( I'm talking out loud here. I don't know on any of this. Imagine nineteen years of happiness and reliability, and then one year of wonkiness.......) I don't actually know that much about what other machines are like, or do, or anything. I didn't need to pay attention.

I would not get rid of it, anyway. It wouldn't trade in for much, for one. And for two, I counted out every wedding outfit I've made on it--- including my dad's renaissance faire wedding outfit-- and my best friends' wedding dress- my dresses- the baby stuff, the kids stuff......that's alot...........

Ariadne

Ariadne
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Date: 7/14/10 6:17 PM

While I'm thinking about it- if you like heirloom sewing? Have you seen battenburg lace tablecloths? The ones that look like tape shaped into flowers, with usually coarse cotton thread holding the shapes? I haven't seen them for a few years, but I think it's just b/c I haven't been shopping in a few years- 3 small, loud, rambunctious kids---anyway, they were at nice-ish department stores, and for a while at discount department store-----anyway, you can cut the motifs off the tablecloth, and then fine zigzag them onto other fabric. They don't ravel. One of the wedding dresses I did used this for lace. The nice thing was, that you weren't necessarily obliged to stitch it all the way onto the fabric, so for this dress, bottom hem was sewn onto the bottom of the skirt, and then the flower motifs were lifted a little up, and then tacked in plac, and it gathered the fabric up in a scallop, like in a disney princess dress. Clear as mud?

It's cotton, so it takes some dyes really well, so if you wanted to do a colorful shirtdress with motifs- you could dye them one set of colors, and then applique them onto your shirtdress. they go on tee-shirts, too, if you use a lot of stabiliizer. i've never tried it- the lace is itchy, and I like soft shirts- but it can be really cute.

thank you for thinking about my questions, and answering.

tif

ukdame
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ukdame
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In reply to Ariadne
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Date: 7/14/10 6:33 PM

Kenmores are good, they are made by Janome. I have a computerized 19606. The newer Janomes would do heirloom sewing too. Don't let those dealers talk you into their most expensive machine.

------
It is common sense to take a method and try it. If it fails, admit it frankly and try another. But above all, try something. ~ Franklin D Roosevelt 1843
Janome 19606 ,Janome My Excel 4023, Brother 1034D, White 1750C, Kenmore 158.1803, White 764, Brother 780D.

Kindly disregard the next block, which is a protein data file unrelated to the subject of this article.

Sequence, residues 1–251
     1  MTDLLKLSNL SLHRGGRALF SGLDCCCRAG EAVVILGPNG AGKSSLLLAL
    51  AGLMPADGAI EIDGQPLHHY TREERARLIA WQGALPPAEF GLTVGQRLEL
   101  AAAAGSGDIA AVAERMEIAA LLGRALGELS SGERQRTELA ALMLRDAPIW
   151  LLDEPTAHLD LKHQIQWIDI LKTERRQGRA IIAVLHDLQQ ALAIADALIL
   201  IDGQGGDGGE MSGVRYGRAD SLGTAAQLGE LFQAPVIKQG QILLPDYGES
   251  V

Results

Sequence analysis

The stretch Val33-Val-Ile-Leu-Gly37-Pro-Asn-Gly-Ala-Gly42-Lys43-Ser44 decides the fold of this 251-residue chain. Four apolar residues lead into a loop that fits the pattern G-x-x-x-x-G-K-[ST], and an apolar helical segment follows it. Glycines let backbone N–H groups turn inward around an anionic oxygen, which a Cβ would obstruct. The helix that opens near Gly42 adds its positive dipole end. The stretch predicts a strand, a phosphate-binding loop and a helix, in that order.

Elona
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In reply to Ariadne
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Date: 7/14/10 10:00 PM

For heirloom sewing, this old Bernina 830 (just one of the many available on ebay) is all you need. The stitch quality is superb--even in these old models (I know; I have one)--and the machinery is dead reliable.
-- Edited on 7/14/10 10:01 PM --

craftinginmycave2
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In reply to Ariadne
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Date: 7/15/10 11:25 PM

A "jeans" machine will usually have the horsepower to muscle through the thick layers of denim. Not all machines can handle that.

Quilting machines usually have more space on the right, so that you can roll a large amount of a quilt to enable you to do the quilt top.

Embroidery machines usually have an embroidery attachment for the hoops. The attachment is removed for regular sewing, be it quilting, heirloom or plain, ol' patch-'em-up.

You can buy feet online, so I wouldn't restrict yourself to buying based on geography of feet.

Sounds like the salesperson you spoke to was trying to hit a quota. I can only give you my experience for your consideration: I bought a Viking at my nearby JoAnn's. They have the option to upgrade within 1 year of purchase for the difference in price, essentially getting a credit for the machine you purchase. I bought an E20 and practically killed it on my first project. The manager said that, yes, based on asking me what I intend to sew; the frequency I intended to use the machine and my sewing ability that she would have predicted that it was too lightweight of a machine for my needs. I upgraded to an Emerald 183 and it was perfect. Recently, I upgraded to a Topaz 30 because I wanted to add more embroidery capabilities. However, I was waffling between the Topaz 20 and the 30. I explained that I did not want to over-buy, so we went function-by-function the comparison and the salesperson gave me specific examples of "when you would appreciate this function." Then I test drove it -- this is so important. The Topaz hummed at me the moment I touched it. Don't get me wrong; I loved my Emerald and it never failed me, including with denim, but the Topaz took it to another level.

Good luck with your search!

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marymary86
marymary86
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GA USA
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Date: 7/16/10 0:50 AM

I bought my Bernina 1130 years ago for heirloom sewing. I knew if It would work well for heirloom sewing, it would also do a good job for regular dressmaking and it has never disappointed me!

My machine has special presser feet and needle functions to do precise tiny pintucks. I could also regulate my zig-zag stitches so that the length and width would sew precisely in the little holes of entredeux - a trim I used to attach laces together and also to set in sleeves.

It also does beautiful hemstitching and can roll and whip around cord on an edge of batiste to make the little puffing strips.

I'm not up on current machines at all but I just had to brag a little on my machine!!

------
Mary